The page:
Mrs B from Lincoln has written in to ask when people first started to call that canny gardener, Lancelot Brown by his nickname ‘Capability’. She suggests that he only got the soubriquet after his death, which makes it inappropriate to use it for his tercentenary. I say it’s far too good a nickname to lose, no matter what its provenance.

However, one does what one can: in 1779 Walter Spencer Stanhope noted in his diary (20th August): ‘went to Horsforth in the evening, Capability Brown, his son, Beaumont … Rastrick, my uncle and aunt dine with me, went to the Green,’  but the nickname was already public in the August 1774 issue of the London Magazine ‘Richmond gardens now declare the hand that spoilt them; nor is there a person who can recollect the beauty of the lengthened terrace, but censures the innovator – Mr ‘Capability’ Brown’. Then there’s the Eton school-master Tickell writing to Joseph Hill a year earlier, and declaring that ‘Cape Brown’ would soon have cleared out the jet d’eaus at Chantilly.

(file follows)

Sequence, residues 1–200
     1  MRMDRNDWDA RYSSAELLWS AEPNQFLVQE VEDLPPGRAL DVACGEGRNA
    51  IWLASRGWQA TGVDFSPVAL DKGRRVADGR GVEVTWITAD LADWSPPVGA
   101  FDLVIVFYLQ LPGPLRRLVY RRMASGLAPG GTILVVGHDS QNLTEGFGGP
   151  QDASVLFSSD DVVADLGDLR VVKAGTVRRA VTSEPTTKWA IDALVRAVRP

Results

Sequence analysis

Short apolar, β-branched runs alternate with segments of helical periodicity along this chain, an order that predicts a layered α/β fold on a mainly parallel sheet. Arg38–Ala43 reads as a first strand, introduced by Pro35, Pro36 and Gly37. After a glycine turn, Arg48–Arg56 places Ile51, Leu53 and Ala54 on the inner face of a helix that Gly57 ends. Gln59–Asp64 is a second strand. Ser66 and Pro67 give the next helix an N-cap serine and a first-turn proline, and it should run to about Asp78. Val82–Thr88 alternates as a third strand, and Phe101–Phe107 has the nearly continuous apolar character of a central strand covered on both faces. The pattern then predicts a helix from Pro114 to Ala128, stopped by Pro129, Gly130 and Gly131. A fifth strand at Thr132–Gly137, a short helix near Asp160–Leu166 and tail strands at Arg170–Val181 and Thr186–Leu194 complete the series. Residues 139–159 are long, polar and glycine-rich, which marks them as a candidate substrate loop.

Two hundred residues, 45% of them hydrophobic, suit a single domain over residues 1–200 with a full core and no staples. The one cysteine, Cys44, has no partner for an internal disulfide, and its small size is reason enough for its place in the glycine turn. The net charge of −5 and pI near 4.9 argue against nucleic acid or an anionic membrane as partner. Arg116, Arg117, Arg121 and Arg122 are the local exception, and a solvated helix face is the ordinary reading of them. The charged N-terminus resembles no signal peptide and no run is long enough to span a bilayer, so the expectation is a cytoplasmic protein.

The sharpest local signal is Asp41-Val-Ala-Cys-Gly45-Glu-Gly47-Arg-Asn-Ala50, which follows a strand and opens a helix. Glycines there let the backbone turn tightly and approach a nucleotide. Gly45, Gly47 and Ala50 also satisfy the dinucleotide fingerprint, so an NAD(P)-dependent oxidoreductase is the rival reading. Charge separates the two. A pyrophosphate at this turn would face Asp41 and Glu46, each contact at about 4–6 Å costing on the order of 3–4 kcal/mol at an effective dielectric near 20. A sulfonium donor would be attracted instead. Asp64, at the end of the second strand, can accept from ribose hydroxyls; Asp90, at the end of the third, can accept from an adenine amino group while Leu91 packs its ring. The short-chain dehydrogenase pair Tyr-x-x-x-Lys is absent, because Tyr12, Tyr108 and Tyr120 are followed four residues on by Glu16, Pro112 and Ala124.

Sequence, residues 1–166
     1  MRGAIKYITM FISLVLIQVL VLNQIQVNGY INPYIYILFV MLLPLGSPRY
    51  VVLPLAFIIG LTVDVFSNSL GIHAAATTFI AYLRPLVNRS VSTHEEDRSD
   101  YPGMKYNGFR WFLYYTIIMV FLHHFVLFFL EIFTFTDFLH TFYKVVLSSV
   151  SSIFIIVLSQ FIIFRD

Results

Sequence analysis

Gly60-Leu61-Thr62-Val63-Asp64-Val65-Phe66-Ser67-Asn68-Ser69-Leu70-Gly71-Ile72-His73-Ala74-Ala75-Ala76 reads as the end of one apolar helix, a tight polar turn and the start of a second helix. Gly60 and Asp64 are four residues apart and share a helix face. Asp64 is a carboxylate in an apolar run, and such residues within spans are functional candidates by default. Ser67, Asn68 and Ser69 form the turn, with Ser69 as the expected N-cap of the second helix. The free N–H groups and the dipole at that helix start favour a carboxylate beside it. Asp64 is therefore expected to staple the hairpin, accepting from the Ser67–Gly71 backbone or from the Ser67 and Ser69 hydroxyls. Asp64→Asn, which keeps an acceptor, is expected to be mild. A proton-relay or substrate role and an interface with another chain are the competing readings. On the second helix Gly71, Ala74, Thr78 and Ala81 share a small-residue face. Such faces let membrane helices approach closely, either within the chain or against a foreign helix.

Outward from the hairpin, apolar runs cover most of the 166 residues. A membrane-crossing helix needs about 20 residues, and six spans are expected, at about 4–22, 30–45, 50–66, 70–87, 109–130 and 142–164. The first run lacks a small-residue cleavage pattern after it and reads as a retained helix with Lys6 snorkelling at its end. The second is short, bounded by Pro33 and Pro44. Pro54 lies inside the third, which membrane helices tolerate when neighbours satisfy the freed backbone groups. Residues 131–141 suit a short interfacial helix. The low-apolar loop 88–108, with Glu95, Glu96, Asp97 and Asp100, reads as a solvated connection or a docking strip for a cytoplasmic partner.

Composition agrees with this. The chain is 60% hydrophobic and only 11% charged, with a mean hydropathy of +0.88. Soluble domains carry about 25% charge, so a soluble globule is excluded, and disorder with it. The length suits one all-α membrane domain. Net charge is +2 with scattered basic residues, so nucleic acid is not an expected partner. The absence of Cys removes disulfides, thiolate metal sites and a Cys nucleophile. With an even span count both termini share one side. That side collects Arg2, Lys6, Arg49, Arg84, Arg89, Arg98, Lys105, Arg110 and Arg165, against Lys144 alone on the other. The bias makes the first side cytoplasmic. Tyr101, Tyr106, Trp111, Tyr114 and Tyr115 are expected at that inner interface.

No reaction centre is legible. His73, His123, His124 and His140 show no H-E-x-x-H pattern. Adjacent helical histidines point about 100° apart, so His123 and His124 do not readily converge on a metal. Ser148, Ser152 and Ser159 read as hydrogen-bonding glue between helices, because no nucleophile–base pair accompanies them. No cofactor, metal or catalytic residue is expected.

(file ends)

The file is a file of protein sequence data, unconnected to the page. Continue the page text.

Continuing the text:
So the nickname was pretty much a commonplace by the 1770s. More interesting is the date at which the nickname was first used. According to Dorothy Stroud, Capability’s son Lance (baptised 1748) had the nickname ‘Capey’ at Eton, where he was sent to school around 1760, so it’s reasonable to see it alluded to elsewhere in the 1760s – George Mason in 1768 for example: ‘The difficulty attending [modelling the surface of ground] has induced many proprietors to commit the whole of it to artists by profession, whose contracted geniuses (without the least capability of enlargement) have stampt an unmeaning sameness upon half the principal seats in the kingdom’. Good enough for me anyway.